Personally, I think that’s why first love for someone who’s queer can be so incredibly life-changing, in a turn-you-inside-out kind of way. First love, for someone queer, is the first time someone else has looked directly at you, seen you for who you are, and wanted you. In a world that often chooses to look away, that is incredibly powerful.
Even though I didn’t have my own writing workshopped at the retreat, I thought a lot about my writing too. I thought about what I owe to other queer readers, and what I owe to myself as a queer writer. I drew courage from these writers who are just starting out, who are writing what they love without the restrictions (yet) of mainstream publishing and public criticism and the ecosystem of Being an Author pushing them into a particular niche.
Don’t get me wrong — I love Being an Author. It’s a job that I fought very hard to have, and I understand that compromise is necessary in pretty much every occupation. Last week though, I thought a lot about the compromises I’ve made as a writer in order to tell queer stories that are accessible to straight readers as well as queer ones. I made those compromises because I don’t want to ghettoize myself, and I want to be read widely. But sometimes that has involved changing my writing to make what I’m saying easier to understand by those who haven’t had queer lives. Sometimes, I admit I feel like I’m doing queer readers a disservice because of that. Sometimes, I feel like I’ve made mistakes as a writer because of that.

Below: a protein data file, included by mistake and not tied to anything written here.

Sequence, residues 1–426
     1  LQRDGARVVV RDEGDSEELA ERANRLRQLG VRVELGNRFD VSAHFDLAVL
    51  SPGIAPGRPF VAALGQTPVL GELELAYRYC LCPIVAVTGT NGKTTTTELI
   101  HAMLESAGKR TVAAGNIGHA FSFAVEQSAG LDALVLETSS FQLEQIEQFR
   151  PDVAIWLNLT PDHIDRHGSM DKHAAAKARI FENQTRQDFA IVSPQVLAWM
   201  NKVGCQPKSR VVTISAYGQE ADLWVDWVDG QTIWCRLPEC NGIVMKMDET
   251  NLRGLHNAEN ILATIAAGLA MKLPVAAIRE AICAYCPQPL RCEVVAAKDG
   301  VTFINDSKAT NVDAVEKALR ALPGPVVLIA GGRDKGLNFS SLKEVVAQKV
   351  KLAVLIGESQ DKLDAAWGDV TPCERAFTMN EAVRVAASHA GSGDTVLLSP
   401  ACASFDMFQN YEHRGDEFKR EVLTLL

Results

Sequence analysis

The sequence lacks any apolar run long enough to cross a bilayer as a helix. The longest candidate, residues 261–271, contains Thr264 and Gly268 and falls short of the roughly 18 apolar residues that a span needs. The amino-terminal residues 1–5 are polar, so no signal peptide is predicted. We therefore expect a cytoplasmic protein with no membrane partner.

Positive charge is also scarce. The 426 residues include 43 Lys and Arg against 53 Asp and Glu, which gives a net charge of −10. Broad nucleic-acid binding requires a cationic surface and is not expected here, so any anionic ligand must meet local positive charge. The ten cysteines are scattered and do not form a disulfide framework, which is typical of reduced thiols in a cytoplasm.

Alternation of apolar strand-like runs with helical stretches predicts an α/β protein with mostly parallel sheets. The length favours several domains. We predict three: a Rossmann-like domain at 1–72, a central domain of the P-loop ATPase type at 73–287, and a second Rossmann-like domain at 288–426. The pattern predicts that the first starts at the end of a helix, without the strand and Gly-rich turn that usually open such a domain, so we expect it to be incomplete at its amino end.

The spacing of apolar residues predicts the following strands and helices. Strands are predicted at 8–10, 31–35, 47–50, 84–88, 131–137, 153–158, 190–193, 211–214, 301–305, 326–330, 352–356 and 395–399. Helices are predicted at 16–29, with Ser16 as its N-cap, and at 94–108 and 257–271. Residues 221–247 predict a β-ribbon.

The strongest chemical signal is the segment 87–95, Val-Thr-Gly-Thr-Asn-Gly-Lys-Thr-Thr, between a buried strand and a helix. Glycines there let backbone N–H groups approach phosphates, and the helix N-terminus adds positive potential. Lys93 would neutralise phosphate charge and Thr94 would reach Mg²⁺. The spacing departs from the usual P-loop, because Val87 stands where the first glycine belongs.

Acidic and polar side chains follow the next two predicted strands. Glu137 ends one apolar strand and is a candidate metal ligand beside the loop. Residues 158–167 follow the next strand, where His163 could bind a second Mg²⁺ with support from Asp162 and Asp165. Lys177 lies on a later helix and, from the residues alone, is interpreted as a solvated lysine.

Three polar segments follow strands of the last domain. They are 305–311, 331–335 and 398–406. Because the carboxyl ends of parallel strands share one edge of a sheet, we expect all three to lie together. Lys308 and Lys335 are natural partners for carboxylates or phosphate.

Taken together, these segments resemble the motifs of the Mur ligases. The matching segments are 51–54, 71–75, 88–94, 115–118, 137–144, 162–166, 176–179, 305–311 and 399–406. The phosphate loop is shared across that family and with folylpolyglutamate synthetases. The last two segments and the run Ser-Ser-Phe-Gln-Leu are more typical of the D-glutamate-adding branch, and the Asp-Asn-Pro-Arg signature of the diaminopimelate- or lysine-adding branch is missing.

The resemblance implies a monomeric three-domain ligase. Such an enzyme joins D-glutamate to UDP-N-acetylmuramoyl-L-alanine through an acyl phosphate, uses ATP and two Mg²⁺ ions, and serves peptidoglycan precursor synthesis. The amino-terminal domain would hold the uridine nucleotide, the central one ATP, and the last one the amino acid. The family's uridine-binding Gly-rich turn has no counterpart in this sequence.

There are things that I, as a lesbian, can say to my queer friends that I simply can’t say to my straight ones. There are things that my queer friends know about living in this world as queer people that my straight friends can sympathize with, but will never fully understand.
I don’t regret the decisions I’ve made as an author — I really don’t — but I feel that I’m at a point in my career where I’m going to be much more careful about making creative decisions that take the edges off queerness. I want to remember my workshop writers and how brave they are about telling their queer stories. As one of the writers said (and I’m paraphrasing): They’re already going to marginalize us; we don’t need to marginalize ourselves.
That’s what the Lambda writing retreat was about: putting queer writers in the center. It was a declaration that queer writers and writing about queer people is important. And it is.
Thanks to Lambda for inviting me to teach at this year’s retreat, and thanks to my students for being so talented and funny and generous and smart. You are an inspiration!
UPDATE: And now I have a photo of my entire YA and Genre workshop! Look at these fabulous writers (and me):